CIP-004-5.1 R3 does not include the “except during CIP Exceptional Circumstances” language, yet the Guidelines and Technical Basis section states “Each Responsible Entity shall ensure a personnel risk assessment is performed for all personnel who are granted authorized electronic access and/or authorized unescorted physical access to its BES Cyber Systems, including contractors and service vendors, prior to their being granted authorized access, except for program specified exceptional circumstances that are approved by the single senior management official or their delegate and impact the reliability of the BES or emergency response.” The language in the Guidelines and Technical Basis seems logical as it may not be feasible to validate PRA’s during a widespread emergency response (i.e. a hurricane) especially when response support is provided by many other companies and/or vendors across the country. It is requested that the “except during CIP Exceptional Circumstances” language be added to the appropriate parts of CIP-004-5.1 R3, particularly CIP-004-5.1 R3 Part 3.5.
The “except during CIP Exceptional Circumstances” language exists in CIP-006-5 R2 Part 2.1 and Part 2.2 which states that logging and continuous escorting of visitors is not required during CIP Exceptional Circumstances. However, none of the CIP-006-5 R1 parts include the “except during CIP Exceptional Circumstances” language, which in turn requires alerting, monitoring, logging of access approved individuals. This may not be feasible during a widespread event that results in total loss of power at many sites over a widespread geographical area. It is requested that the “except during CIP Exceptional Circumstances” language be added to the appropriate parts of CIP-006-5, particularly R1 to ensure consistency across CIP-006-5.
Julie Hall, On Behalf of: Entergy, , Segments 6
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The following comments are from my CIP SME.
• Per paragraph 73, “…the Commission concludes that a modification to the Low Impact External Routable Connectivity definition to reflect the commentary in the Guidelines and Technical Basis section of CIP-003-6 is necessary to provide needed clarity to the definition and eliminate ambiguity surrounding the term “direct” as it is used in the proposed definition. Therefore, pursuant to section 215(d) (5) of the FPA, we direct NERC to develop a modification.
This is where I believe FERC’s order falls short. Although, the definition for LERC needs to be improved and needs to reflect the commentary in the Guidelines and Technical Basis section of CIP-003-6. In my opinion, the requirements for low impact critical assets is incomplete. It appears like the SDT was rushed to provide requirements for low impact. Although, the SDT included some basic requirements for low impact critical assets they should have also included requirements for malware and virus protections. In addition, there should be requirements for logging and auditing of systems and system access. These requirements do not need to be as stringent and comprehensive as what is required for medium and high impact critical assets, but they should also be required for low impact critical assets.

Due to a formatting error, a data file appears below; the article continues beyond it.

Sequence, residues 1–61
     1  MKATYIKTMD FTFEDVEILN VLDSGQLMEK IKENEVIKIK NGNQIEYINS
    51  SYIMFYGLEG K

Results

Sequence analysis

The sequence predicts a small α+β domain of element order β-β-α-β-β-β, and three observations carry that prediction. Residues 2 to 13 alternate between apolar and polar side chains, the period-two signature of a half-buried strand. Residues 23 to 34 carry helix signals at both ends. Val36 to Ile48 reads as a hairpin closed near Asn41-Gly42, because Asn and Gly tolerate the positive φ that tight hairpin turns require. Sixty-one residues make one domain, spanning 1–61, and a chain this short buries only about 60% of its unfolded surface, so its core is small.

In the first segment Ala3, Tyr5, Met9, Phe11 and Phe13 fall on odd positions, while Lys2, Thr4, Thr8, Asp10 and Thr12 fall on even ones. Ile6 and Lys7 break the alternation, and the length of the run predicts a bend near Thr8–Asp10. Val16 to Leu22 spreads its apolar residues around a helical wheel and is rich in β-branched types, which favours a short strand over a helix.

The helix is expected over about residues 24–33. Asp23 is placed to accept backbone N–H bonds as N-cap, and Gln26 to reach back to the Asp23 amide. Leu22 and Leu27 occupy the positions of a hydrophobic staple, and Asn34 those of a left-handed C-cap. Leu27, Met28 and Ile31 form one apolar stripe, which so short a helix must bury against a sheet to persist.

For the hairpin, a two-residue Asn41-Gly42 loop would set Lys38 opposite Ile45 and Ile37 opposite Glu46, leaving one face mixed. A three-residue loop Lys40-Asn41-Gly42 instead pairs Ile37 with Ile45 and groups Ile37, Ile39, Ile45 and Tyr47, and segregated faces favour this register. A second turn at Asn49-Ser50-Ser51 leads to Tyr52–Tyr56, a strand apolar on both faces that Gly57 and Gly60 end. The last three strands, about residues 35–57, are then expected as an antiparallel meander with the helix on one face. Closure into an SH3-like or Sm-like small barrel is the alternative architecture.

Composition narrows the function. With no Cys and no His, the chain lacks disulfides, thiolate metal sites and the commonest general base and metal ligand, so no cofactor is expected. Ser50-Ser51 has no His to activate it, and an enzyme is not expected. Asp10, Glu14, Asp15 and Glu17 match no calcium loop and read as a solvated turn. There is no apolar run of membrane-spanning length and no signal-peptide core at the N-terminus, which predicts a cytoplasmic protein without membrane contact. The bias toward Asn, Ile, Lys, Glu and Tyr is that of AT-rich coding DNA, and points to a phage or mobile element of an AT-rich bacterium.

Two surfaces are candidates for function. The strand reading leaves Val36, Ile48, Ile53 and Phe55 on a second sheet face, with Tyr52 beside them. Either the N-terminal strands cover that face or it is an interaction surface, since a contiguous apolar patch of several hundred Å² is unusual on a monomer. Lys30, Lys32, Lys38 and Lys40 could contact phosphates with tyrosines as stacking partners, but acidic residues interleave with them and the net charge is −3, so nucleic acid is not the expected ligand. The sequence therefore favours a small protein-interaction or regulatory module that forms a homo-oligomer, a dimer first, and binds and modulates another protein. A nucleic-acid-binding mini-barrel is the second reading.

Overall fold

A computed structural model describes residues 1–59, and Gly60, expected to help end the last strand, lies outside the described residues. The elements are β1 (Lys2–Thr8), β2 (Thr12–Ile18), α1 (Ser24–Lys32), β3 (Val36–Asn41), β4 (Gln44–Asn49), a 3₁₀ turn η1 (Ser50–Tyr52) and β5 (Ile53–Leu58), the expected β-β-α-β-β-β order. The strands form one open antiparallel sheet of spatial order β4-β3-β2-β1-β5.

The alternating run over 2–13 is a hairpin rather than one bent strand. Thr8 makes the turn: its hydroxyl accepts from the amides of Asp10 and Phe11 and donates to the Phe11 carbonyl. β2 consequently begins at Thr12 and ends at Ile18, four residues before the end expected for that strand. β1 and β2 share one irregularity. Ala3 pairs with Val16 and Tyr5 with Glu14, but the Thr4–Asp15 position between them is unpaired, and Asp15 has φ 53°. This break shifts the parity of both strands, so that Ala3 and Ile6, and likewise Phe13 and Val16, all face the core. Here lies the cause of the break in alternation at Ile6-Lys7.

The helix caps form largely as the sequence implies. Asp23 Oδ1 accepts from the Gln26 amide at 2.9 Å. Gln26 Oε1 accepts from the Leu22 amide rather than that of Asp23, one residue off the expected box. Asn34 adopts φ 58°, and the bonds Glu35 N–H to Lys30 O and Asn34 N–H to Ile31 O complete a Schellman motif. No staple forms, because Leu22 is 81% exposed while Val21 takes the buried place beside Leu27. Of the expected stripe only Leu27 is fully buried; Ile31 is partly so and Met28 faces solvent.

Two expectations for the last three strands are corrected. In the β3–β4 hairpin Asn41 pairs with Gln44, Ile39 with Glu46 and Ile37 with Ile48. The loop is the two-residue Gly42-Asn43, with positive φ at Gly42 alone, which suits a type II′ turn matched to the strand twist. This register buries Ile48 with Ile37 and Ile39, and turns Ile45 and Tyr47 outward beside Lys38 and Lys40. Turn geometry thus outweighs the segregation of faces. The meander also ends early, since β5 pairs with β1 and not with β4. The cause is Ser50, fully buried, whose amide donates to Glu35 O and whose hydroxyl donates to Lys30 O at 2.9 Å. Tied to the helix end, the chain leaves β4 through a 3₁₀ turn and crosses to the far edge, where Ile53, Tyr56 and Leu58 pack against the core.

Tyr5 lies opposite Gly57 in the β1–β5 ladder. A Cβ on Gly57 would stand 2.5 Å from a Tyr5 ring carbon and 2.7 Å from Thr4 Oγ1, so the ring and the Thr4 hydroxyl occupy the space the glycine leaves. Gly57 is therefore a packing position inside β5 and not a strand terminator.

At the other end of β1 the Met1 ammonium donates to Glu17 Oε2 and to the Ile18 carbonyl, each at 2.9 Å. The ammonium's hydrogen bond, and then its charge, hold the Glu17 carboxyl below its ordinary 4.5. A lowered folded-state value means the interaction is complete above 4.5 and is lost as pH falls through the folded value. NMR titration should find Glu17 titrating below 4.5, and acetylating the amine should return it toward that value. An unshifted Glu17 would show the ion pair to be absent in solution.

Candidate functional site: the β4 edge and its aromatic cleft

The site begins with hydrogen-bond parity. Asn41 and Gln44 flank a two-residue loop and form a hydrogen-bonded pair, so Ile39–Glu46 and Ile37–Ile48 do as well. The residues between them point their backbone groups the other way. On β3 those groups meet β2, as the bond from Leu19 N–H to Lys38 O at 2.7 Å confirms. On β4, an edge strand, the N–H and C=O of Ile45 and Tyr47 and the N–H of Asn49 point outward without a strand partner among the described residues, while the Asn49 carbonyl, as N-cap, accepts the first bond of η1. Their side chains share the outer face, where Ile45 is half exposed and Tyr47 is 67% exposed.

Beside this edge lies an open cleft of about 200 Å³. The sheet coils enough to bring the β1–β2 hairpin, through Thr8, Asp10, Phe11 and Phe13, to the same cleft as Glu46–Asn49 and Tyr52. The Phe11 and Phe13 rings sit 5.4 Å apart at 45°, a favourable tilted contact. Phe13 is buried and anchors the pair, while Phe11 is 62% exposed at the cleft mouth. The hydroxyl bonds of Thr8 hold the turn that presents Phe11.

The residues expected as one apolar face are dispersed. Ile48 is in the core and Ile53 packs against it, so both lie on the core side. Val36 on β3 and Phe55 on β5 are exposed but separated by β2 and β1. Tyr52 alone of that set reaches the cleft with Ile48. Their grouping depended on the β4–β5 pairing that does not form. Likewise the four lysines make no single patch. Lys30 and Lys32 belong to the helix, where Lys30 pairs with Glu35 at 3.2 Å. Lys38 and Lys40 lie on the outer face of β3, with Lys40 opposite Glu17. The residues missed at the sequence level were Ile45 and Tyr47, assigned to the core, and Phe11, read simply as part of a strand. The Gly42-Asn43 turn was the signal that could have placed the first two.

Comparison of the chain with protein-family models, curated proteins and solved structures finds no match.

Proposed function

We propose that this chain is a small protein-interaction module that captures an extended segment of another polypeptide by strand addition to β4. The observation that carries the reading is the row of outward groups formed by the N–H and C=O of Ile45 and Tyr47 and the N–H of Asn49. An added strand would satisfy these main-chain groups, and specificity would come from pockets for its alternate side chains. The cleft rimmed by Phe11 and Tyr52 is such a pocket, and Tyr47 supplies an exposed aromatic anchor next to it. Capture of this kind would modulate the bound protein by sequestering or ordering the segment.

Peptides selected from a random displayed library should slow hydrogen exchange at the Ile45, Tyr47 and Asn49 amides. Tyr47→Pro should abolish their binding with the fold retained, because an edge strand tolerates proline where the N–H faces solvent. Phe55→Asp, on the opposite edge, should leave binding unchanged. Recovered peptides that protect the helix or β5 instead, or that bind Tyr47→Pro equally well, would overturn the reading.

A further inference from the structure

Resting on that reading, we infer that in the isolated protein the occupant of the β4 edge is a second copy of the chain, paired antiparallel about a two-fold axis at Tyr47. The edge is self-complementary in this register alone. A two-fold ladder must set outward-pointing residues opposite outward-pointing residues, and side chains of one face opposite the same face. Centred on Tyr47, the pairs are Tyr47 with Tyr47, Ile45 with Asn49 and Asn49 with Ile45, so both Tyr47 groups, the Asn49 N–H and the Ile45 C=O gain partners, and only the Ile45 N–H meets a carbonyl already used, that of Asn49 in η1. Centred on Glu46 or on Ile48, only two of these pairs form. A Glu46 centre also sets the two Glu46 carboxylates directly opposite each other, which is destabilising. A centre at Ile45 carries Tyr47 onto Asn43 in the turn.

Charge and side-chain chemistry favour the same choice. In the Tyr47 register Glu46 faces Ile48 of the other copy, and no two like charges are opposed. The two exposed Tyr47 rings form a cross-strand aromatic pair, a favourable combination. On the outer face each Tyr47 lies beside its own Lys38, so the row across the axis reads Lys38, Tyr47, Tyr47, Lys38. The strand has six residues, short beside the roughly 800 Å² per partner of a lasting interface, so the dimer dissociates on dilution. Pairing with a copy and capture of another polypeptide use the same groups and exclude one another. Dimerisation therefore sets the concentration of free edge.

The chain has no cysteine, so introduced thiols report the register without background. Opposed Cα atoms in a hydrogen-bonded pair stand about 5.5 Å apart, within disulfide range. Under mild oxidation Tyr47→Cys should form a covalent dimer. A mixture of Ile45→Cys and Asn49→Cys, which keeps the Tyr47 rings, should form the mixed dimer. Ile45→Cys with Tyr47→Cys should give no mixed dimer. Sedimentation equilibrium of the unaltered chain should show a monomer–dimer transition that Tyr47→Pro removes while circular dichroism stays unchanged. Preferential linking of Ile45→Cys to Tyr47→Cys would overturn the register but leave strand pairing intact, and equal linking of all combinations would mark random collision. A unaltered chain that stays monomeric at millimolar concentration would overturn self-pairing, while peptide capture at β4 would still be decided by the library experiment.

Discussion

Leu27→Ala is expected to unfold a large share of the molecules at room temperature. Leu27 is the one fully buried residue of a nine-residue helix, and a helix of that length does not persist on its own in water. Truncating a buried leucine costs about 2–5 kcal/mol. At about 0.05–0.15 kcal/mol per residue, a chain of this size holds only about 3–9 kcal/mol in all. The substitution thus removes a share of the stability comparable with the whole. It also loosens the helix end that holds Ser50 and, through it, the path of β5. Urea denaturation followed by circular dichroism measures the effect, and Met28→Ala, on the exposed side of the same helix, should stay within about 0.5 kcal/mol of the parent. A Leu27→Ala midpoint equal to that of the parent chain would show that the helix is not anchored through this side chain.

Scott Brame, On Behalf of: North Carolina Electric Membership Corporation - SERC - Segments 3, 4, 5
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Thank you for the opportunity to provide comments regarding the Standards Authorization Request (SAR) in response to FERC Directives and v5TAG recommendations. While the current SAR attempts to resolve issues around LERC, virtualization and communication protections, ACES believes the SAR doesn’t adequately detail the areas of concern for LERC and fails to allow for technology advances, which may ultimately hinder industry adoption of more secure solutions to address cyber security threats.
How LERC will be defined based upon the ability to communicate and interactive communication capabilities between Low Impact Facilities that have BES Cyber Assets associated with them has yet to be fully vetted. The ability to communicate with a BES Cyber Asset isn’t the same as interacting with the BES Cyber Asset. This distinction needs to be clearly defined. Another issue for Low Impact BES Cyber Systems is the need for a common definition of when serial devices are in scope and not in scope for consistent industry implementation.
Host-based security applications, advanced security threat analysis services, and cloud-based networks are not in scope for the SAR. There are mechanisms in place in the CIP standards that allow for exceptions, such as TFEs and CIP Exceptional Circumstances. ACES believes that these definitions could be expanded to include technology that exists outside of the standard to be able to be used, with approval, in order to provide the entity with a stronger defense in depth security profile.
If the drafting team proposes to modify definitions, they should consider a process that is non-prescriptive and provides flexibility for registered entities to decide how to best defend against cyber security threats based on their risk analysis. There may be significant advantages for industry to adopt new emerging security applications and cloud based security services. The CIP standards should not limit the tools or technology available to mitigate cyber security risks. We ask the drafting team to consider how the revisions to the CIP standards would allow for the power industry to match the security best practices of other industries against the latest security threats and vulnerabilities.
Thank you for your time and attention regarding this SAR.
ACES Standards Collaborators, Segment(s) 1, 5, 3, 4, 6/30/2016